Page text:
BioAge Labs raises $10.9M in Series A financing to accelerate drug discovery for aging
Old age comes to us all, and with it illness and disability. If you’re lucky enough to live long enough, at some point you’ll suffer from one — and more likely several — slow killers, chronic diseases of aging like heart disease, diabetes, cancer, and Alzheimer’s. But does it have to be this way? Recent scientific advances have provided proof of principle in mice that some therapies (drugs like rapamycin  and interventions like senescent cell ablation ) can not only significantly extend lifespan, but also delay the onset of age-related diseases and thereby enhance healthspan — the period of life where we are healthy and functional. Human therapies of similar effectiveness could add 10 to 20 healthy years to the average person’s lifespan.
Treating aging as a medical problem itself represents a marked divergence from the traditional strategy of treating each age-related disease separately (e.g. with a diabetes drug or an Alzheimer’s drug). The traditional approach can only ever have a limited effect on population health, because the risk of many different chronic diseases rises precipitously with age. In contrast, the positive impact of any new therapy that addresses the root causes of aging may be enormous [3–4].
Aging will not be an easy problem to solve — much of the underlying biology is still a mystery. But there are several clues emerging from recent scientific discoveries, and with new genomic and data-driven technologies, we may soon be in a position to address some of the major bottlenecks to intervening in aging.
I founded BioAge Labs in 2015 to accelerate drug discovery for aging. The company is based on two core ideas:
1. We can massively accelerate drug testing by developing molecular signatures of aging
Currently, there are only a handful of interventions that reliably extend mouse lifespan (never mind human lifespan). One critical obstacle is that testing any candidate therapy in a traditional lifespan experiment takes several years. This time frame makes large-scale screening efforts impractical, and is one reason that only few compounds have been tested in mice or other mammals. We need to identify molecular signatures of aging that can serve as surrogate assays for lifespan to enable faster and higher-throughput drug screening.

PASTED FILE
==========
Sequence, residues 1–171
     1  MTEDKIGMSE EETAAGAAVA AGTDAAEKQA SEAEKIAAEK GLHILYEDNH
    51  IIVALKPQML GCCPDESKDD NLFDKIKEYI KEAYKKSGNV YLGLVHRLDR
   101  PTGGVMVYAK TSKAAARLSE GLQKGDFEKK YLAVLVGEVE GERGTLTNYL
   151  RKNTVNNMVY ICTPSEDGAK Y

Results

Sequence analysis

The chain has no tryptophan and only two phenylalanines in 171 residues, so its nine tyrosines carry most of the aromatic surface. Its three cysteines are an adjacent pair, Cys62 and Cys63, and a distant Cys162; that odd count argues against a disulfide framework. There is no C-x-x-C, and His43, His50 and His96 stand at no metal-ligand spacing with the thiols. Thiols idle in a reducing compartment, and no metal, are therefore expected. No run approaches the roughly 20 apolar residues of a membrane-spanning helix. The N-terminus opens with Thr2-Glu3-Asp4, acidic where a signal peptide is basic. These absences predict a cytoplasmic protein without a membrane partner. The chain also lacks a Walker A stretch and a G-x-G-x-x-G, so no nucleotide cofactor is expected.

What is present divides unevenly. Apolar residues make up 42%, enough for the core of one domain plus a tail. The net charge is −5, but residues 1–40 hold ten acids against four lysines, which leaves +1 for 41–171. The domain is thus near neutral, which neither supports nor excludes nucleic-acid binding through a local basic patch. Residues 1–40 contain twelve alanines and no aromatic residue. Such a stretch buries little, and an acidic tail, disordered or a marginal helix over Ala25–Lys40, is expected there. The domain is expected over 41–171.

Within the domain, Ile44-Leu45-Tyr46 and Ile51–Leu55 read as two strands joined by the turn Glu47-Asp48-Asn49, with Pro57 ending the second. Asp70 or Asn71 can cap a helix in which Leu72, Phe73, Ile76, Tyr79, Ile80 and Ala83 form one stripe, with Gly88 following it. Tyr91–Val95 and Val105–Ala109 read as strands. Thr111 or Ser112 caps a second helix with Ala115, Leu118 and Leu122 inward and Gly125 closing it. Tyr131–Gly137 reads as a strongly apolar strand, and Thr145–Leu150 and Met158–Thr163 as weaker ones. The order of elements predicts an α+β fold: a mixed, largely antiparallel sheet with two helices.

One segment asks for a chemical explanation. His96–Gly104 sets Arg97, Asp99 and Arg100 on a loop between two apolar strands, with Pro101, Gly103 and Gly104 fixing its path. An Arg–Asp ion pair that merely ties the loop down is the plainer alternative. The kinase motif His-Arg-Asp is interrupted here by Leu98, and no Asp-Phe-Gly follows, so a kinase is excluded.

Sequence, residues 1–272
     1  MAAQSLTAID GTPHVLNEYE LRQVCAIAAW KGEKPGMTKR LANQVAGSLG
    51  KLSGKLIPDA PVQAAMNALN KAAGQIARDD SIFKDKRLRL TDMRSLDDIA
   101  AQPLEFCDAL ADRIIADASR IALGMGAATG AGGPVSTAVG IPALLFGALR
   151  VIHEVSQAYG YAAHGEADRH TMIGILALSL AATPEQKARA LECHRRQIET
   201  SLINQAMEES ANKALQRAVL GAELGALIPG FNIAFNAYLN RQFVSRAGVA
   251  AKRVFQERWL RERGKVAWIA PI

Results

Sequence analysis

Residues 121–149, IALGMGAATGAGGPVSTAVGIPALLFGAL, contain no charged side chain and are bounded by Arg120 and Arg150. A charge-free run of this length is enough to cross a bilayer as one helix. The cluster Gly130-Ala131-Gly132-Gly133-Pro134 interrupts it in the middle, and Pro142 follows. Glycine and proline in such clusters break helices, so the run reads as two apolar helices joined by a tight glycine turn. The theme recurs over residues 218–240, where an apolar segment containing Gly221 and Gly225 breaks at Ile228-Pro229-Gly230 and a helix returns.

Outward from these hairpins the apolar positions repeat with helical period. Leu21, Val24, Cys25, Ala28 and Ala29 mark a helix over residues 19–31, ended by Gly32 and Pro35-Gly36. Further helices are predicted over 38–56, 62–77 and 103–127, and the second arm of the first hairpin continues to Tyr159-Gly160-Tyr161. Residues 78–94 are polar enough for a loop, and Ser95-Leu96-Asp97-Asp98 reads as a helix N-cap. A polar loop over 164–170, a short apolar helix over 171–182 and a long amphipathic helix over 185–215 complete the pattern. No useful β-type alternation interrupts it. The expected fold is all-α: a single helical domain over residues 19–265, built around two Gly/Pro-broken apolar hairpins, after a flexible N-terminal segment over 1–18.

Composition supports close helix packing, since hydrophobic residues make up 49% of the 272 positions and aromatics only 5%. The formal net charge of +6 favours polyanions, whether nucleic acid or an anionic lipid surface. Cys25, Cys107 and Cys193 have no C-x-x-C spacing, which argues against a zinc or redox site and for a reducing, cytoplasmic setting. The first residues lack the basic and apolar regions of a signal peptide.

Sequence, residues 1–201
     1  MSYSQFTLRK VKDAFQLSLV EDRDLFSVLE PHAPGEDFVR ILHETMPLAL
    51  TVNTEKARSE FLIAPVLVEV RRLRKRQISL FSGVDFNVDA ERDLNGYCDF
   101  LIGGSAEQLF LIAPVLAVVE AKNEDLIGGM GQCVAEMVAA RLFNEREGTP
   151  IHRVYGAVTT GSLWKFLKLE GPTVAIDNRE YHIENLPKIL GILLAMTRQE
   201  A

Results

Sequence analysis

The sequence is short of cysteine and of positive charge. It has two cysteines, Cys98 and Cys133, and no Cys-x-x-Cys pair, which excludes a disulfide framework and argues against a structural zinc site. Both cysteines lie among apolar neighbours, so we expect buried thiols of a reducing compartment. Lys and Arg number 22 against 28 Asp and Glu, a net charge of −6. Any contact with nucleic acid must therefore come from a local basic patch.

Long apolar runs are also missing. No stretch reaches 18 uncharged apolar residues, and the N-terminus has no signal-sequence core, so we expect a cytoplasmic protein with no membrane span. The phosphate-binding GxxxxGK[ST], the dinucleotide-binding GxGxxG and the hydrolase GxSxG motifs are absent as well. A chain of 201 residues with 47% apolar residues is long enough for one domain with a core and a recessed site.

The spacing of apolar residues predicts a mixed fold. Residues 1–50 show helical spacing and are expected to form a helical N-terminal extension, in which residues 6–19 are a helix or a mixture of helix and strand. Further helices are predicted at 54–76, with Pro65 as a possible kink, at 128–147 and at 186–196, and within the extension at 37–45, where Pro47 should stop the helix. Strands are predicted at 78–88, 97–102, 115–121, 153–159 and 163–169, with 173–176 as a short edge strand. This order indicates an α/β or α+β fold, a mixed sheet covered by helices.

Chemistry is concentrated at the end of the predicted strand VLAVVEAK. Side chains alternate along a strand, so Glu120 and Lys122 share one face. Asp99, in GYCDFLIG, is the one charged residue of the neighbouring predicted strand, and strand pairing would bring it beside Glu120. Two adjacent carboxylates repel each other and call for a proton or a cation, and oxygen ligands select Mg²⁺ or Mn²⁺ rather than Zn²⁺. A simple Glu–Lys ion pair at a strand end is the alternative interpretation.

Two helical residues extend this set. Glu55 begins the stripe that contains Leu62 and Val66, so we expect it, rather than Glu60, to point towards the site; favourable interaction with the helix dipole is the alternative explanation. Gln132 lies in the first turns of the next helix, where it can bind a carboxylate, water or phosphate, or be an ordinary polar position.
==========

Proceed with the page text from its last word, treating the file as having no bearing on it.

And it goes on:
2. The best signatures of aging will come from deeply phenotyping large human cohorts
Human aging is complex and still poorly understood, and much of our current knowledge originated in mouse or invertebrate models. Working with these more experimentally tractable animals can be powerful for studying evolutionarily conserved mechanisms of aging, but this strategy is limited. Newer high-throughput technologies such as metabolomics, transcriptomics, and methylomics have made it possible to measure aging directly in human populations. Carefully designed cohorts and unbiased, data-driven analyses will be key to identifying the most predictive molecular signatures of human aging.
At BioAge, we’re betting on the power of high-throughput human data, coupled with innovative machine learning, to substantially accelerate drug discovery for aging. We take a hybrid experimental and computational approach to identifying the molecular signatures that drive aging, working with multiple partners in academia and industry.
Today I’m excited to announce that we’ve raised approximately $10.9M in Series A financing. This round was led by the Andreessen Horowitz Bio Fund (with Dr. Vijay Pande joining our Board of Directors) with participation from Felicis Ventures, AME Cloud Ventures, PEAR Ventures, Caffeinated Capital, Elad Gil, and other angels.
This new funding will enable us to build our team, refine and test our signatures of aging, and begin in vivo evaluation of drug candidates. Our initial targets for drug development will be specific diseases where aging is causal; however, our ultimate goal is more ambitious — to combat the suffering and disability caused by all aging-related diseases, and to restore both the quality and quantity of life that is so often lacking in old age.
 Harrison, D et al. 2009. Rapamycin fed late in life extends lifespan in genetically heterogeneous mice. Nature 460, 392–395.
 Baker, DJ et al. 2016. Naturally occurring p16Ink4a-positive cells shorten healthy lifespan. Nature 530, 184–189.
 Martin, GM et al. 2003. Research on aging: the end of the beginning. Science 299, 1339–1341.
 Stipp D. (2012). The transformative promise of aging science. Cell Cycle, 11, 3903–3904.